On the rare occasion Manassas did close, I remember spending hours building ice forts and snowmen and thrashing around in the powder like dogs do in dust. I would not go inside until the sun set and my mittens were weighted with tiny thrice-thick ice boulders and my parents dictated I absolutely had to. Why? And, physically, how? I don’t recall any discomfort whatsoever from spending eight consecutive hours exposed to the elements at age 6, yet these days if a late-spring breeze brushes my cheek, I further burrow my face into my cable-knit ski mask and hoof it for home.

During Snowmageddon, I didn’t step outside for six days. And what a six days they were! How rapidly the mood shifted from My, what a beautiful, delicate wonderland and is that Bambi I see traipsing across it? to I’ve got boiling water and a frying pan and I won’t stop short of throwing both at you if your car gets stuck in the tunnel I dug to the end of our street. The storm struck when I was in Maryland, stranded as much as a person could be. There were days it was outlawed in Maryland to drive on the roads. My front door opened on a four-foot wall of snow. People marked their parking spots with lawn furniture and actual furniture they pulled out of their houses. Better ruin your Ikea chaise-sofa, was the logic, than your chances at not having to carve out another small, car-shaped cave for yourself in the grizzly-size drifts. I let my car sit. By the end of the week my roommate and I were so parched for red wine we made a maybe-suicide pact to trudge to the nearest open liquor store, wherever that was to be. It’s the only walk in my life I’m convinced actually was uphill both ways.

I do not dread winter, however. I’m a terrible athlete but I’m the least bad at winter sports. I took ice-skating lessons in high school and worked out a pretty solid axel jump; I can tell you all the 8-year-olds in the class were super impressed. Children and I have always shared a special bond in the cold months; they are often the ones to pull me back to my feet after forward-tumbling halfway down the face of a mountain, somehow once managing to lose a ski and a boot on the way. Here’s a tip for anyone with a similar story from Wintergreen, or Massanutten: Do not travel to Europe to ski. French youth are far less supportive and kind. (I was in France when a student I met through my studies abroad invited me to her family’s chalet in the Alps, and it was there I found myself thigh-deep in powder, on the 40-degree black hill that served as the only conduit to and from the front door. To be clear, I am not one for risks—particularly risks for which there is no terrestrial equivalent in the United States; a black diamond in America comes nothing close to a black slope in Europe—but my friend insisted I leave the house each morning, so I did—to inch my way down on my buttocks and stress-stuff my face with fondue and gluhwein till it was time to catch the lift back.)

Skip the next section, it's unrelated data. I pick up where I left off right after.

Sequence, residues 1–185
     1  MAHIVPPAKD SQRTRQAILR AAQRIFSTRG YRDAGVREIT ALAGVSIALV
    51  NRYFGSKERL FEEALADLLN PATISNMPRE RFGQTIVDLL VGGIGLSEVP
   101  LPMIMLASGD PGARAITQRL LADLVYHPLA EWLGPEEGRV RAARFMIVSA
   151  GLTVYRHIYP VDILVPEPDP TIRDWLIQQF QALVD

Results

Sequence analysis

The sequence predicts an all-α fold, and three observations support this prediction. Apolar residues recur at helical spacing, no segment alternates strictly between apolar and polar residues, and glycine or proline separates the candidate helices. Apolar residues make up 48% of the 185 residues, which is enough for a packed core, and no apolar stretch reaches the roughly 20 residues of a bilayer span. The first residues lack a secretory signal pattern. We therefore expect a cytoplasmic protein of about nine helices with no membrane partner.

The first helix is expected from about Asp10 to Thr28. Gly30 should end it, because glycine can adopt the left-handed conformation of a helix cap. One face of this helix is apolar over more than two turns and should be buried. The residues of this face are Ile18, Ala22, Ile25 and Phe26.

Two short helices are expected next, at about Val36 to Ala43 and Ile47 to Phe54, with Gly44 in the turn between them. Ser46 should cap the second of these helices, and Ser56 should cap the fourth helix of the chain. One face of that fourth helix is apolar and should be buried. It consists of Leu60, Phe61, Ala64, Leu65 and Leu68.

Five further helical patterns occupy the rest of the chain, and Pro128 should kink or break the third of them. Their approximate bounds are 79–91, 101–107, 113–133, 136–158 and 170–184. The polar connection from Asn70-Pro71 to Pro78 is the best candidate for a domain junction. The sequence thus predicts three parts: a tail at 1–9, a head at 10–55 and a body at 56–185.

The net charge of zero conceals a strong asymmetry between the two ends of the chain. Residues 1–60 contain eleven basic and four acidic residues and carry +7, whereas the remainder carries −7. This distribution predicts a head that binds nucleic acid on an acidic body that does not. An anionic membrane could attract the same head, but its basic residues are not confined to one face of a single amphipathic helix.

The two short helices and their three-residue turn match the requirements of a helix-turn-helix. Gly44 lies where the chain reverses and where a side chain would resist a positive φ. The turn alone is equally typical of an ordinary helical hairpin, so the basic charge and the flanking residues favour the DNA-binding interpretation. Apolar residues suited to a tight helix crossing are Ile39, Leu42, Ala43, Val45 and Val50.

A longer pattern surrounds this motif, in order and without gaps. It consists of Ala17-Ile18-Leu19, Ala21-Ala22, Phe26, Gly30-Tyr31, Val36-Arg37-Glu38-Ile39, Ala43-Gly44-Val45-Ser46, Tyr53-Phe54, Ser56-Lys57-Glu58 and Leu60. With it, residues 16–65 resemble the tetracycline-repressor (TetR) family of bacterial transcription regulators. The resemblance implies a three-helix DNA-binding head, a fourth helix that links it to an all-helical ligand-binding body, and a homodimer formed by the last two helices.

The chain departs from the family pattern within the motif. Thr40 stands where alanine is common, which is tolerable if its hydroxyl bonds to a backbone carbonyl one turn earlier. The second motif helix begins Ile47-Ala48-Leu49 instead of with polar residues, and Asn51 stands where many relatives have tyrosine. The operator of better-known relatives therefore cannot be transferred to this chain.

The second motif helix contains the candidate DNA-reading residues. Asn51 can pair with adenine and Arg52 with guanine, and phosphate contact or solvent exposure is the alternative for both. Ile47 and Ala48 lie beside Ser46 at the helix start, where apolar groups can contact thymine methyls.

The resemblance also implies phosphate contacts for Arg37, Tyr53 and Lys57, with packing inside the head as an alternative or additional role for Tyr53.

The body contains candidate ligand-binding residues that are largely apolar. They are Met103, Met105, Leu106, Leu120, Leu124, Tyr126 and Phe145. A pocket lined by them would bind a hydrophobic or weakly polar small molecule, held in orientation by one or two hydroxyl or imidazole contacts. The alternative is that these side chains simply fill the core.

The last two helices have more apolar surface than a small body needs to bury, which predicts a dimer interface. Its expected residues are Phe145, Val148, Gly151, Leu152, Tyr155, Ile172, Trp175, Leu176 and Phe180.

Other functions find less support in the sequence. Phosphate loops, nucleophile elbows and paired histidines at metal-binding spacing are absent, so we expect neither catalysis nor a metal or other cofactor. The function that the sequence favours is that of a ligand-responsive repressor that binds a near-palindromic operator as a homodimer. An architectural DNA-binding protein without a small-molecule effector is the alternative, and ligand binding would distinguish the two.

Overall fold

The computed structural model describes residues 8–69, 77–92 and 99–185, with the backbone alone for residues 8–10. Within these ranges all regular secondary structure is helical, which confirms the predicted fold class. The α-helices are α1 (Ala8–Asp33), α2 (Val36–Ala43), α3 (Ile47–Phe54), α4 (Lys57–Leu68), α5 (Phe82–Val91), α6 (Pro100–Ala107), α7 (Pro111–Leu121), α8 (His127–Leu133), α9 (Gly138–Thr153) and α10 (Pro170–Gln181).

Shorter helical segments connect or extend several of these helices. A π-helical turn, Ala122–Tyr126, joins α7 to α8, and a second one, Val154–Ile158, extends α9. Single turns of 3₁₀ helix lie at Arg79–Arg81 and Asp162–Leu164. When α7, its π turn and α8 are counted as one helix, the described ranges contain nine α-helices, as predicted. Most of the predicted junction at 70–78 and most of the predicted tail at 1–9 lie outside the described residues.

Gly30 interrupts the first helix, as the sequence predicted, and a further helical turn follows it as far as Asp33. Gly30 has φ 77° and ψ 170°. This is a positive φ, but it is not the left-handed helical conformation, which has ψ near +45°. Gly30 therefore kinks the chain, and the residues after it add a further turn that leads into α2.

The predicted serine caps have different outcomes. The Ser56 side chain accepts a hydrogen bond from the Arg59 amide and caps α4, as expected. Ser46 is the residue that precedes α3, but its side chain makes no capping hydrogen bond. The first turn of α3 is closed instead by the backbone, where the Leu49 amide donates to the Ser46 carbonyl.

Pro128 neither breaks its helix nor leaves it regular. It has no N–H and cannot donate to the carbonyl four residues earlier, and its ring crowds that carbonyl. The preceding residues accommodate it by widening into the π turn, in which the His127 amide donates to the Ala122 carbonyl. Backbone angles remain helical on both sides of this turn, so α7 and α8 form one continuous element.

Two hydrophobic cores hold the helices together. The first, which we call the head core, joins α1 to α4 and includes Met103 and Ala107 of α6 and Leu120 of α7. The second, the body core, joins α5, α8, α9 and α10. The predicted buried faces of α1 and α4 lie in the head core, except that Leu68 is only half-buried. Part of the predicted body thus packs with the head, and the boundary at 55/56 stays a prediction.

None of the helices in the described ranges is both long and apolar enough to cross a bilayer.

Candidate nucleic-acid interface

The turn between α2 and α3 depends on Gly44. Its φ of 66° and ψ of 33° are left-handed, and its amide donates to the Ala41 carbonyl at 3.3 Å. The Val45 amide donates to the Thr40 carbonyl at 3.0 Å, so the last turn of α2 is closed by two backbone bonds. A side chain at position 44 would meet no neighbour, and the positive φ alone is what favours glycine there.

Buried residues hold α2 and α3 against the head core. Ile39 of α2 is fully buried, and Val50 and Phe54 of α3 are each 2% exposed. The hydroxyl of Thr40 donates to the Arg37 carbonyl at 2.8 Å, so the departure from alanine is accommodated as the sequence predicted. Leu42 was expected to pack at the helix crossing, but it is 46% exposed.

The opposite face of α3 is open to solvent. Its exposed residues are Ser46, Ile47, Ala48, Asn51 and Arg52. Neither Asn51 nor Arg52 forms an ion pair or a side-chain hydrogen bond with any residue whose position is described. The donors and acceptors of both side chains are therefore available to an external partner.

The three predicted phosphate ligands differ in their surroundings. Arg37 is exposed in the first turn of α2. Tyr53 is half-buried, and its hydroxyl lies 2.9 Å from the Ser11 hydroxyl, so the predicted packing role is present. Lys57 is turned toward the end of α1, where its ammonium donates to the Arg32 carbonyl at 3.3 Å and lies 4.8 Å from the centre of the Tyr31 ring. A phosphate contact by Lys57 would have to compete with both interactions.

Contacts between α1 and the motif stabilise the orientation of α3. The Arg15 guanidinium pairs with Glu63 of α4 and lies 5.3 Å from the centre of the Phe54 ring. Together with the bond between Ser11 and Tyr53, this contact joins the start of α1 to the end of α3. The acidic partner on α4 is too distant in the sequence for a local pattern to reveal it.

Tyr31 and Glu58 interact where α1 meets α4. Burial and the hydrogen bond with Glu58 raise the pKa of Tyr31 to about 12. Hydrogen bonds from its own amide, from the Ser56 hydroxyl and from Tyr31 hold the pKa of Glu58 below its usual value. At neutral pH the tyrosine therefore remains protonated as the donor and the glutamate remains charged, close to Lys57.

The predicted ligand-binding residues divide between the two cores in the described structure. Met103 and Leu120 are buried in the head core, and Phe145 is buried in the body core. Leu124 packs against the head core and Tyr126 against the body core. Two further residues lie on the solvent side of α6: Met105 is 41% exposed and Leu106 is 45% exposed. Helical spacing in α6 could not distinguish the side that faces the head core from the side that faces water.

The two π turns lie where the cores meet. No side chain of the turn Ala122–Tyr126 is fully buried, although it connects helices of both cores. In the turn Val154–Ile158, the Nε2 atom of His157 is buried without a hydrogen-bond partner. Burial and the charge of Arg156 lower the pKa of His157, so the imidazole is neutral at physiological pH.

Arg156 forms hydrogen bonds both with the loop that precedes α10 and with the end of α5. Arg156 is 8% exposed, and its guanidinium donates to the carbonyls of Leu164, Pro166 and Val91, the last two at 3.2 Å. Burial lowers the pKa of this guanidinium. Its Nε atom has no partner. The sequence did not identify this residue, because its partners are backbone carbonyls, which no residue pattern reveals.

At heart, I’m an indoor cat. A lot of us are—my mother, my brother and sister, Bob Ryan, judging from the levels of care bestowed on that ‘do. Maybe we figure if we brace ourselves for the worst, there are more pitiful outcomes than clear roads, a healthy stock of red wine, and a weatherman with a selective memory and decidedly unapologetic coif. There’s no shame in it.

@CitySprawlNVMag spends her snow days on Twitter.

(February 2014)